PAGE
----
Magic is not learned from a college. Like jazz, blues and any non-formalized style of music, it’s acquired by observation. You steal it from your betters.
Let’s look at how mages come to be. He or she might come from any walk of life, but most mages are born slaves, peasants or in wandering communities of traders, thieves or actors. As I mentioned yesterday, mages are reviled in most places. Their magic is considered blasphemy by clerics, uncontrollable by kings and dangerous by normal folk. They are often persecuted and must hide their talents.
So how does one get on this road?
It starts with the First Spell, which has many names, but in game mechanics, it most resembles Read Magic. It is a short spell that can be understood by anyone, regardless of their native language.
In its verses are every sound of spoken magic and a thorough and unsettling explanation of the chaotic worldview that underlies all non-divine magic . Anyone speaking the entire spell can thenceforth read their native tongue and any written magic (provided they have recited the spell enough to commit it to memory so it comes off the tongue as easily as any cast spell). He or she is also immediately of chaotic alignment (this is obviously taken from LotFP Weird Fantasy). The meaning of the verse is not kind knowledge and some who do memorize it and speak aloud its secret go mad, never to learn a second spell.
Anyone who hears the spell often enough is bound to learn it eventually. A mages’ lover, spouse, child or even close neighbor will hear it under her breath as she performs almost any activity (this is similar to the way Tibetans repeat mantras in everyday life). If you pester a mage as he sits in a pub, disturbing his peace, he might grab you by the collar and shout the words in your face until you piss off. You might pick up the entire spell by accident. Some mages will teach it to those they feel the petitioner would fit in well with the community or who have money, food or other service to offer. Many mages fall into magic because they have no other prospects, no land to farm and no skills.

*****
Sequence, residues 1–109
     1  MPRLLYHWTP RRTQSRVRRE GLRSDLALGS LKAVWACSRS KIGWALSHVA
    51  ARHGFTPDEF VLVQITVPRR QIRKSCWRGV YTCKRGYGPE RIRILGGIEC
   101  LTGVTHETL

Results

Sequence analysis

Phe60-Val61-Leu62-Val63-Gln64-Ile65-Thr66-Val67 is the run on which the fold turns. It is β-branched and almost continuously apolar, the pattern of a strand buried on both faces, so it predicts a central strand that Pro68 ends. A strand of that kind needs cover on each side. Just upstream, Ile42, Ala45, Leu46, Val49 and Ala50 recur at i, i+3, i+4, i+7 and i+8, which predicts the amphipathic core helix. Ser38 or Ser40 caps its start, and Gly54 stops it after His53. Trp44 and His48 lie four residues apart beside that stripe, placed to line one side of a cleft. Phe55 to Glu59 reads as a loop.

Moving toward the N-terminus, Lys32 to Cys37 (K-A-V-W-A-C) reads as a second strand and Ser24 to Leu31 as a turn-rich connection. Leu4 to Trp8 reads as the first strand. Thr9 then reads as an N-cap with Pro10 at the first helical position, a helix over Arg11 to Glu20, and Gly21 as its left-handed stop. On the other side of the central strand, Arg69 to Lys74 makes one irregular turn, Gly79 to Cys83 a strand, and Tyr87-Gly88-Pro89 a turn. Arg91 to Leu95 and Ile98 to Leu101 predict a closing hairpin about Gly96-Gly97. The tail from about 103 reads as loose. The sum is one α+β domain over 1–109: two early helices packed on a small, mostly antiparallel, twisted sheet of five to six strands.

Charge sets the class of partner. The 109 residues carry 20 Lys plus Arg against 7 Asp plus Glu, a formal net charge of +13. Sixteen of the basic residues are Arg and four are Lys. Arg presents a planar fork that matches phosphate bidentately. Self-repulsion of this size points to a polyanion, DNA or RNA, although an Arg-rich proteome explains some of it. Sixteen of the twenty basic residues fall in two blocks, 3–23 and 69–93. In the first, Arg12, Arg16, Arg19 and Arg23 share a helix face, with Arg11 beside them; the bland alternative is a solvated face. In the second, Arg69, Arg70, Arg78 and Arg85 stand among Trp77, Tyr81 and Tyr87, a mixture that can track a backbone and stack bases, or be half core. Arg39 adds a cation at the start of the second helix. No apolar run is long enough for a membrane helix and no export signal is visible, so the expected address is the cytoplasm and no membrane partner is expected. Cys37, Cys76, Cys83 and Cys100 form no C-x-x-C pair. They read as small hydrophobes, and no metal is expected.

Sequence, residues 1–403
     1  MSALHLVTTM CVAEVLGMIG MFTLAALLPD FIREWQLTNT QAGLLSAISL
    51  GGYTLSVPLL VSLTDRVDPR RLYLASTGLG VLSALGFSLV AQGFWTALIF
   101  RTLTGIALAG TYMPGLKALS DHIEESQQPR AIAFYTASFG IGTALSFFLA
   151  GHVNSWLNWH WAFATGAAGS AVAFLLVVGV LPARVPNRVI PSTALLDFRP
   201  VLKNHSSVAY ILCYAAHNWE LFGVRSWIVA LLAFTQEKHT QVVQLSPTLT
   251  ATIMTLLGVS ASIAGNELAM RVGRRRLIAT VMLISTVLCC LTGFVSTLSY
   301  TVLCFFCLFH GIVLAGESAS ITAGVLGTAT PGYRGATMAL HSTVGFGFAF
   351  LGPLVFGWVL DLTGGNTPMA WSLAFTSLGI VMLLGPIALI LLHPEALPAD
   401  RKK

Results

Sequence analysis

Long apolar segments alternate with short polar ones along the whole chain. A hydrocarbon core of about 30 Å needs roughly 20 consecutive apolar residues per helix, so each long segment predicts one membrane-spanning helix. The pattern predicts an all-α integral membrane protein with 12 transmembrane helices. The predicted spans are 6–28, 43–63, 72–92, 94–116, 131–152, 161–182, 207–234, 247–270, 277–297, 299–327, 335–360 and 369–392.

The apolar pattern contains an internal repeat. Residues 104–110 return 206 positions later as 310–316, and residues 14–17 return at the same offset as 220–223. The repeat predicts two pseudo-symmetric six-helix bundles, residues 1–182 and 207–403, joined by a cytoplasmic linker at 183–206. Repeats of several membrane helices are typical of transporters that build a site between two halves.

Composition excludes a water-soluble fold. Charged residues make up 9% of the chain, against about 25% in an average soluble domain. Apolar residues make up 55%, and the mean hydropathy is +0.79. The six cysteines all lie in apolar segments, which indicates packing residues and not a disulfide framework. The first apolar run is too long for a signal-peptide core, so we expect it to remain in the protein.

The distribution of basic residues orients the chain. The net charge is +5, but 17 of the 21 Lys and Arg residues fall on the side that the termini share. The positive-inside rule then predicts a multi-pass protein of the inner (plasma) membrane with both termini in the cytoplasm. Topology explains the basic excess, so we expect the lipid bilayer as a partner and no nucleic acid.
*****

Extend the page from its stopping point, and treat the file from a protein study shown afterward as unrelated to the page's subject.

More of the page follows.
Once one has said the spell, he or she is forever a mage and is overcome by a desperate need to learn more spells. This stage is most like an addiction. New spellcasters have been known to spend their last penny or sign into service for a year or more for a simple spell or two (an experienced mage would teach nothing dangerous to a novice). This is as close to a master/apprentice relationship as you are likely to find and it does not always end happily. After the first few levels, the mage is able to calm down and the need is more of an intense desire or life goal than a desperate need.
In the mage community, wealth has a tendency to travel quickly to the top, where mages with large spell books are able to charge fortunes from the less-skilled.
There are magic users who actually research, but they are very rare. It is difficult to conduct experiments from a mule-drawn wagon and there are many costs and dangers associated with settling down. The few labs there are can be found in remote towers or underground caves. Besides, most mages would tell you that researching magic is a waste of time. Magic’s secrets are long lost and the errant fools who would re-invent it would be better off searching the world for long lost spell books than blowing themselves up in labs. Spells are usually named after their discoverer, not the author (if even a name is known).
One dirty secret the elves don’t like to talk about: Many assume that arcane magic came from the elves. Some mages even hunt or extort elves to get more spells. A select few know that elven magic of old was far more powerful than anything any human mage has cast. The elves are actually very capable casters of human magic, magic they have learned from vagabonds and con-men.
I’m going to cook u a few backstories to serve as examples, but I think you are all bright enough to come up with your own scenarios.